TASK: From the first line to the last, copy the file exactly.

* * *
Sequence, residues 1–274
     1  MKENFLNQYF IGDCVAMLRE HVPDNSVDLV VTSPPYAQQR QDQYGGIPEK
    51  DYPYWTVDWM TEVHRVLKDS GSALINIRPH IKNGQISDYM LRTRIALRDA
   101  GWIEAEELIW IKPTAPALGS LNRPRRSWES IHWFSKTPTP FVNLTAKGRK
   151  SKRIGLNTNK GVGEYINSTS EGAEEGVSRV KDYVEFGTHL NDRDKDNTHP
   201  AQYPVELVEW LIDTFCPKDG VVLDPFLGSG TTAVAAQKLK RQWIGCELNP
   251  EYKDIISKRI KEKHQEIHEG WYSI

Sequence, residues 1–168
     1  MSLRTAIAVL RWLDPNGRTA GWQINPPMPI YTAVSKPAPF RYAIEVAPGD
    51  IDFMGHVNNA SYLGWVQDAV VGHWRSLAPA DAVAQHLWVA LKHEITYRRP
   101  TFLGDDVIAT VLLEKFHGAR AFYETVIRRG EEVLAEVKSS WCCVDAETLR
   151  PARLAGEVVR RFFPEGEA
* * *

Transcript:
Sequence, residues 1–274
     1  MKENFLNQYF IGDCVAMLRE HVPDNSVDLV VTSPPYAQQR QDQYGGIPEK
    51  DYPYWTVDWM TEVHRVLKDS GSALINIRPH IKNGQISDYM LRTRIALRDA
   101  GWIEAEELIW IKPTAPALGS LNRPRRSWES IHWFSKTPTP FVNLTAKGRK
   151  SKRIGLNTNK GVGEYINSTS EGAEEGVSRV KDYVEFGTHL NDRDKDNTHP
   201  AQYPVELVEW LIDTFCPKDG VVLDPFLGSG TTAVAAQKLK RQWIGCELNP
   251  EYKDIISKRI KEKHQEIHEG WYSI

Sequence, residues 1–168
     1  MSLRTAIAVL RWLDPNGRTA GWQINPPMPI YTAVSKPAPF RYAIEVAPGD
    51  IDFMGHVNNA SYLGWVQDAV VGHWRSLAPA DAVAQHLWVA LKHEITYRRP
   101  TFLGDDVIAT VLLEKFHGAR AFYETVIRRG EEVLAEVKSS WCCVDAETLR
   151  PARLAGEVVR RFFPEGEA